You’ve heard of microeconomics, which deals at the level of specific transactions (e.g. price-setting), and of macroeconomics, which deals at the level of entire economic systems (e.g. unemployment rate). Discrimination also operates at the micro- and macro- levels, and tragedy befalls anyone who attempts to address one but not the other.
The stories Cinderella and Romeo and Juliet provide classic examples of discrimination operating at these levels. Romeo is a Montague, but Juliet is a Capulet. At the macro-level, the Montagues and Capulets are segregated—they don’t have much opportunity to get to know each other, so they have to accept on faith that everyone from the opposing camp is ultimately bad. However, Romeo and Juliet happen to fall in love. When they discover each other’s identities, they must deal with discrimination on a micro-level, confronting their personal biases against people of the other kind. They overcome discrimination at the micro-level, but not at the macro-level, so their love is doomed.
In contrast, Cinderella stories have happy endings (at least in versions following the popularization by Disney). Again, two lovers come from socially segregated groups—different socioeconomic classes. That’s the macrodiscrimination. Again there is a necessary grappling with personal biases when their identities are revealed. That’s the microdiscrimination. The difference in the plot of Cinderella stories is that one of the lovers has so much social power that ending their microdiscrimination automatically ends the macrodiscrimination; if the prince will not discriminate against people like Cinderella, then neither can anyone else in the kingdom.
For macrodiscrimination to fall with microdiscrimination seems too good to be true. They are typically two separate struggles which require separate solutions. Microdiscrimination typically ends by achieving humility, but humility is achieved one person at a time, while macrodiscrimination is system-wide. In contrast, macroevaluativism typically ends through institutional reform—for example, the end of macroracism required the abolition of slavery—but institutional reform is not sufficient to end microdiscrimination which continues even subconsciously in certain individual brains.
A More Realistic Scenario
For those who intend to overcome evaluativism (i.e. discrimination against people of different kinds of values), it is important to understand the difference between microevaluativism and macroevaluativism, and to appreciate the need to fight on both fronts. Here’s a realistic modern example: Suppose you teach your daughter that education is valuable, and send her to a nice college where she meets a bright physics student, and they fall in love. Her lover is a natural gadfly, and develops the opinion that college does not provide very good education—it exists mostly for dogmatic purposes that are wasting his youth—so, in his senior year, he drops out of school (like Steve Jobs, Bill Gates, and Mark Zuckerberg did) to join a start-up company. His business has a remarkably good start, and the lovers get married.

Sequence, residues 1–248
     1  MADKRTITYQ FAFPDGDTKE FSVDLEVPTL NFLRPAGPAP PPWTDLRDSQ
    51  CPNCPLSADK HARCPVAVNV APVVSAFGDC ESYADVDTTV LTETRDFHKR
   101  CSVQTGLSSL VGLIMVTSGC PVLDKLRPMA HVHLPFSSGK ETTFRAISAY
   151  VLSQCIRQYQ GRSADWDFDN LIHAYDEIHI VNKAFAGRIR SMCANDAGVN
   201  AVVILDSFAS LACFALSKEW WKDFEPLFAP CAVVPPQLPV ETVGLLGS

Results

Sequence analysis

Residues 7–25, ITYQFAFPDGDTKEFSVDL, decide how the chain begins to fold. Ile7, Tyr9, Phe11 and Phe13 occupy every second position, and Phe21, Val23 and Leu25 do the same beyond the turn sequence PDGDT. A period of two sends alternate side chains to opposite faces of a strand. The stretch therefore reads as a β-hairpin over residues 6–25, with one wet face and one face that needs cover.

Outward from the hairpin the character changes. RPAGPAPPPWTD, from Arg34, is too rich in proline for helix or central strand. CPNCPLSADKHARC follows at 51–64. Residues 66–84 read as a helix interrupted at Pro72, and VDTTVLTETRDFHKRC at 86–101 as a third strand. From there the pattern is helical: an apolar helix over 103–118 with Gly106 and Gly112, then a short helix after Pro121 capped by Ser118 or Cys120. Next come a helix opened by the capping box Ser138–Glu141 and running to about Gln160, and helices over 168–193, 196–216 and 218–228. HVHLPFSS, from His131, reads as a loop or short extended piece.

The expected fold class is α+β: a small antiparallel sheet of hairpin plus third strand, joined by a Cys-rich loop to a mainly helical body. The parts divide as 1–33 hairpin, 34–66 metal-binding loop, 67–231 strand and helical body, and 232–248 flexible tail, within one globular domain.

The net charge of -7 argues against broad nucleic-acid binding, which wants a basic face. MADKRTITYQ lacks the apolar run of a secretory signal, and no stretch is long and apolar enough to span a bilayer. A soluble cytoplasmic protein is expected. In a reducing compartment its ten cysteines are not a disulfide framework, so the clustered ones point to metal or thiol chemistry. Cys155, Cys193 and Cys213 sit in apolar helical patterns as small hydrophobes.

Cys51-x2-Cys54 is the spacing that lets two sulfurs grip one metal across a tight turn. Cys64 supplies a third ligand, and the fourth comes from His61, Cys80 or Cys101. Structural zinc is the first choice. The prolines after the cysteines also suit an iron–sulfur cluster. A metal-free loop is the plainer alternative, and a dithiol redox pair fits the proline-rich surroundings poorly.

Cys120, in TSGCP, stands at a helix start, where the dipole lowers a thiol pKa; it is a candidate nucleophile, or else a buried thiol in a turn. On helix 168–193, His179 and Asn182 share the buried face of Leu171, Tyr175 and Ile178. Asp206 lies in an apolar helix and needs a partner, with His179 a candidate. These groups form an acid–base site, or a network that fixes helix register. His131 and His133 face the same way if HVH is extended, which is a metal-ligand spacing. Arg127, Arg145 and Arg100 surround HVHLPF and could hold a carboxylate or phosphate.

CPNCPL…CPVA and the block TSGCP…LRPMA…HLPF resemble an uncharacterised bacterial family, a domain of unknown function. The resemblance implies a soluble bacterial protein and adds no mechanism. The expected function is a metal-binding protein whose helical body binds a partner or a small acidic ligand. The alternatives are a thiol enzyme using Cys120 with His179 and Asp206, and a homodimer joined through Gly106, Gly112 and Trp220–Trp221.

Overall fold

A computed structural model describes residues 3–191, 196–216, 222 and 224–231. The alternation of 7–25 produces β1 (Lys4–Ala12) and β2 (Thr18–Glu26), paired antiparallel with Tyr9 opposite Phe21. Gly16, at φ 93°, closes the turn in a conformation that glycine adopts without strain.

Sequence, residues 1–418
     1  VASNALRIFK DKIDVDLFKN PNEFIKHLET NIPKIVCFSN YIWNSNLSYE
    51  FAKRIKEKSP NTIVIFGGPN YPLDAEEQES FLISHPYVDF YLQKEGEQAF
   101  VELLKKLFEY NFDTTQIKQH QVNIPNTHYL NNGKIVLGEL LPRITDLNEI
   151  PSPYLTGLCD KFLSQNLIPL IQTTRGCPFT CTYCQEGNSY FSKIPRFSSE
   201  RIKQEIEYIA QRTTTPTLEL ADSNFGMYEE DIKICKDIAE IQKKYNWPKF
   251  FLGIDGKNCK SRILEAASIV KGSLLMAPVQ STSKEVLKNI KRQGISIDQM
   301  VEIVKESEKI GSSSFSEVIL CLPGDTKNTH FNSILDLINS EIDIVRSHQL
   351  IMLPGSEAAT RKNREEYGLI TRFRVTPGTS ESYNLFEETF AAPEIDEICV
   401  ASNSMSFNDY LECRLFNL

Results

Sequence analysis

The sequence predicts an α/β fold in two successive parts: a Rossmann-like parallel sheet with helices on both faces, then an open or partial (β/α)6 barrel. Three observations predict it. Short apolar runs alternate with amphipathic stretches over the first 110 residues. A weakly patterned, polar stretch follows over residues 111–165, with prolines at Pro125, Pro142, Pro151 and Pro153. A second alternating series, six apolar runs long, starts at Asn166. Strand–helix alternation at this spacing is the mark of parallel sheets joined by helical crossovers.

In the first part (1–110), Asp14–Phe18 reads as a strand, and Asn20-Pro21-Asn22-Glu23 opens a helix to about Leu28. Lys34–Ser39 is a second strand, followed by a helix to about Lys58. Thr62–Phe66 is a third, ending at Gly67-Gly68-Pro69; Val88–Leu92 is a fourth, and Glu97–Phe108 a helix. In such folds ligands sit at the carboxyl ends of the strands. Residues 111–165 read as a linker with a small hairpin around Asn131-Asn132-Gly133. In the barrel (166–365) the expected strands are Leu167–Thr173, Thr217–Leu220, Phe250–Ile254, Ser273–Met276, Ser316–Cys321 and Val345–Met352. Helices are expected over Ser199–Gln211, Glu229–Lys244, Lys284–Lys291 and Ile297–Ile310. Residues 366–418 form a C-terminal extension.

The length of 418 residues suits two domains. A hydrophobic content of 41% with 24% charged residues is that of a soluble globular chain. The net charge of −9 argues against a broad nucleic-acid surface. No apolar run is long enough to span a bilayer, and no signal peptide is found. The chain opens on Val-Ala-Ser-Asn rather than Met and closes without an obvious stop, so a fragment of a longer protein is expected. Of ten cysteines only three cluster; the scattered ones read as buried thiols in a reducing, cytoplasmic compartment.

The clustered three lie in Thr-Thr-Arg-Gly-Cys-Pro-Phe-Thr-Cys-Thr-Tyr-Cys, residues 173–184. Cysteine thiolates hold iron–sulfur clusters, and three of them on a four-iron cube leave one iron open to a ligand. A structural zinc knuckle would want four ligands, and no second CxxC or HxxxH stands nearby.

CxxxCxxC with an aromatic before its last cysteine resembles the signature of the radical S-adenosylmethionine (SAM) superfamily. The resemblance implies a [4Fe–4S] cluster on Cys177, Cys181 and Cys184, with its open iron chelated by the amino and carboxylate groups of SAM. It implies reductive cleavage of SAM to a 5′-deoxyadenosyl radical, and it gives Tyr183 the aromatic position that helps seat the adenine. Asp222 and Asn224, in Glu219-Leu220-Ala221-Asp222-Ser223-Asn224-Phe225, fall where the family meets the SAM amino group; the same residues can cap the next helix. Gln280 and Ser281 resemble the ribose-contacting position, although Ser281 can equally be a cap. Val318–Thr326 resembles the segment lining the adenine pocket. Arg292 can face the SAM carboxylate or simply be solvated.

Then the company hits some bad luck. It struggles for about ten years before petering out. Your son-in-law applies for other jobs as a scientist or engineer, but is disqualified because he did not complete his degree. He applies for jobs unrelated to science, and is able to get some temporary and part-time work, but jobs are designed for particular IQ levels, and employers are reluctant to award full-time positions to anyone mismatched. He becomes depressed.
The system seems to expect people of his IQ to have certain credentials, but getting the credentials requires much more than just taking an IQ test. He cannot simply finish his senior year; college students quickly forget most of what they learned in school, so he would need to retake all his prerequisite classes as well. These complications reinforce his conviction that his education had no educational value, and he cannot stand to subject himself to such hazing all over again, this time with eyes wide open and no scholarship or parental contribution to pay the bill. He’s the kind of guy to stand against hypocrisy and injustice, not the kind to suffer them.